May 30, 2016

Want to Shoot on Super 8? Here Are a Few Things You Should Know First

Who doesn't love the nostalgic look of Super 8 footage?

It's romantic. It's cool. It's imperfect in the most perfect way. If you've ever wanted to try your hand at shooting a film, whether it be experimental, a short,  or a set piece for your feature, Simon Cade of DSLRguide provides a quick 4-minute video that shows you the very basic first steps you'll need to take in order to get under way.  

So, what are the basics. Duh—get yourself a Super 8 camera. Maybe an older family member has one lying around, maybe you can find a working one at a thrift store (I've bought two this way), maybe you'll have to go online and order one. If it's your first time shooting with Super 8, don't worry too much about getting a fancy one, because a cheap $50 one will do just fine. The most common problem with these cameras generally lies with the motor, so make sure that baby is in good working order before you go any further. (If you find that it doesn't work, ask yourself if you've added batteries.)

Next is film stock, and this is where the romance of Super 8 dies a little—it's expensive—and not just to buy the rolls, but to get them processed and digitized, too. You'll have to drop about $30 per 50' cartridge, which, depending on your frame rate, will only get you maybe 4 minutes max of runtime (if you're shooting at 16fps). The cost of getting your film developed and transferred varies, especially when it comes to whether or not you want to upgrade to a higher resolution. But, generally you're looking at $50 to $150.

So yes, shooting on Super 8 makes for some beautiful images, but before you dive head first into it, it's good to know what you're getting yourself into. Shooting digital, it's easy to take for granted the fact that you can 1.) capture as much footage as you want without incurring any additional cost, and 2.) not have to wait weeks to get your footage back for editing. Lesson: When you shoot on film, you have to really want to shoot on film. And if you do really want to shoot on film, that film is most likely going to look great—or at least make you feel great while shooting it.      

Your Comment

19 Comments

Super 8 is a WONDERFUL exercise. I teach filmmaking to middle and elementary school kids and we do a Super 8 unit every fall. It's something the kids look forward to every year, and it builds up your chops like nothing else.

Here are some other things worth knowing:

Kodak currently makes several wonderful Super 8 stocks, which are basically their most useful 35mm stocks cut in the Super 8 shape and cartridge. Vision 200T and 500T are great for indoors (especially 500 which is very good at night or indoor low lighting), and 200 is great for normally lit days though you may need to augment it with lighting. Kodak also makes a 50D which is great for outdoor use and has really tight grain and whiz-bang-wow colors. In Black and White you can get Tri-X reversal stock which is my favorite film stock to shoot on. Everything looks amazing in Tri-X, especially when you apply a little lighting.

There are places like Spectra Film & Video which will sell you really well-priced all in one Super 8 packages, from 4 rolls to 12 rolls, and you pay a lump sum, they send you the film, you shoot on it, and send it back and they'll develop it and telecine it in SD or HD (HD is a little extra but it looks INCREDIBLE). This is what I do. It puts all the costs of stock upfront and gives you a perfect knowledge of how much raw footage you have to work with. And the people at the film labs are generally REALLY nice and great to work with. And you can edit digitally with the file so you can finish to Vimeo, and you can keep the film negative as a souvenir.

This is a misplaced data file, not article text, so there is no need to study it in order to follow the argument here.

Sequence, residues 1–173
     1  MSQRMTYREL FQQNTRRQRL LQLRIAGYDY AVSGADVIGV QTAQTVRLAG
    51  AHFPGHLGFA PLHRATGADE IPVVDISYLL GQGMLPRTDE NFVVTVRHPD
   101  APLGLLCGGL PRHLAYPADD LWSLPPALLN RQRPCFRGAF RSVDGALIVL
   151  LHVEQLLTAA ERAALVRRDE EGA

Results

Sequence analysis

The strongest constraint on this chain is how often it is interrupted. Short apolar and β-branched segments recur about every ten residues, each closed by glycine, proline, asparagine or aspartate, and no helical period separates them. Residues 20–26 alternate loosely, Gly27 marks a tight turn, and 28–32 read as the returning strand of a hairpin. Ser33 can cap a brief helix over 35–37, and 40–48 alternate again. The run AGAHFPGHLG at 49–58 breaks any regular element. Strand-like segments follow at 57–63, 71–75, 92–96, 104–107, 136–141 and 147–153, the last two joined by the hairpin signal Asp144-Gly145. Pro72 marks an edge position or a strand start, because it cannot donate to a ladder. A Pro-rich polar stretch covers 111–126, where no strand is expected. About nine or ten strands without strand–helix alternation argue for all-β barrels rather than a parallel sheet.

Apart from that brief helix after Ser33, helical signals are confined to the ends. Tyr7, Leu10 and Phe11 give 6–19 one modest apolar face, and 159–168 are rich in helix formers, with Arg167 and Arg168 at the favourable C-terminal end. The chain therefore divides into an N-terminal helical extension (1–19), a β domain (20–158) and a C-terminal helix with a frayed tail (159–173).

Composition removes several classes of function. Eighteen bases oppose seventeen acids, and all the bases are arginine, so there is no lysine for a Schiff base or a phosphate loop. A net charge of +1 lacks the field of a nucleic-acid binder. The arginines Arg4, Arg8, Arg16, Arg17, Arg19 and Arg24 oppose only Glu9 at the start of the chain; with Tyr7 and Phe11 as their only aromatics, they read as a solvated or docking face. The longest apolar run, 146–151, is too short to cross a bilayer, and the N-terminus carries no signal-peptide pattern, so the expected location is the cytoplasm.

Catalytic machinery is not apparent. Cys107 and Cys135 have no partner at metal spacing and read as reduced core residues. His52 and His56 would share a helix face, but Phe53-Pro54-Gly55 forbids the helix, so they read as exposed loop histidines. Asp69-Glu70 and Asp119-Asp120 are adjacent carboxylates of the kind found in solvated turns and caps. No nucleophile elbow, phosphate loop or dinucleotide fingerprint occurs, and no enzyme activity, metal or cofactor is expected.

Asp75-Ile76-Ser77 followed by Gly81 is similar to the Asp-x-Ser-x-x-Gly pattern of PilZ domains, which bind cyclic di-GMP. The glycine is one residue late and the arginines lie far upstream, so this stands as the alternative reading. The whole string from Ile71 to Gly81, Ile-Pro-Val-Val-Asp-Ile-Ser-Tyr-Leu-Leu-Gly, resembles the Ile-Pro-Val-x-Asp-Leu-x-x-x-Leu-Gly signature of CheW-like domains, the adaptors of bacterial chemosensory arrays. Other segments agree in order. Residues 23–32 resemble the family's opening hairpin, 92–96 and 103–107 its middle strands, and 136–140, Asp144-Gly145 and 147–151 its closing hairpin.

When shooting Super 8, the things I'm always thinking of are:

1) Focus. The viewfinder on most Super 8 cameras is not that great, and certainly not an accurate indicator of focus. You have to physically measure with a tape measure the focus point and set it for each shot. There is a little wiggle room for eyeballing it, but I've definitely had shots that came back out of focus because I eyeballed it when I should have measured. And since you paid for all the film up front, there's no room to reshoot.

2) There is no safety net - you get like 15 minutes of raw footage, you have to plan each shot in advance, think about each shot in the story, shoot everything all at once, send it in, wait two weeks, and cross your fingers that it all worked out well. It's crazy tense but the payoff is extraordinary. And as a filmmaker it works your skills unlike anything else. There really is nothing like it. You are dependent upon your eye and your knowledge of light and your plan, and that's it. Your digital work will feel like the lap of luxury in comparison. Or it will feel oppressive. There is something to just taking your film camera and shooting pure cinema with it that makes you feel incredible about your work. It's invigorating.

Anyhoo, hope this helps. Here are some samples of the movies my kids made in Super 8 over the years if you wanna see how different stocks look:

https://vimeo.com/114439706
https://vimeo.com/114788701
https://vimeo.com/166392395
https://vimeo.com/148695391
https://vimeo.com/148695383
https://vimeo.com/149203074

May 30, 2016 at 2:41PM, Edited May 30, 2:44PM

9
Reply
Marcelo Teson
Filmmaking Instructor/Sound Editor
342

One point to make about this is, 'that' cost will make you really consider your shots before you shoot. One of the downsides of digital is its disposability. People tend to shoot without thinking becuse there's no consiquence or cost. Also it doesn't look that great. It has 'a' look but not necessarily a good one. Also the time it takes to get processed looks like it could be a real creative process killer, or would it? I don't know. Just my two cents. Appreciate the video thanks.

May 30, 2016 at 3:30PM

0
Reply
avatar
John Stockton
Filmmaker, Editor.
425

Honestly, I think the "romantic nostalgia" of shooting on S8 is vastly overrated. I have about 2,000 feet of S8 shot back when S8 was all there was. That includes about 500 feet of professionally shot film from Hawaii Sea Life park and other places that used to sell them as "souvenirs."

It is horrible stuff to watch, with some having grain the size of baseballs unless viewed on a 8x10" piece of paper.

Shooting on S8 doesn't magically make you a better film maker. You can get the exact same experience with modern equipment, and far cheaper, by using proper filming discipline; plan your shots carefully, and if you want to limit length, prefill the SD card with a garbage file so you only have room for 5 minutes of 640x480 resolution.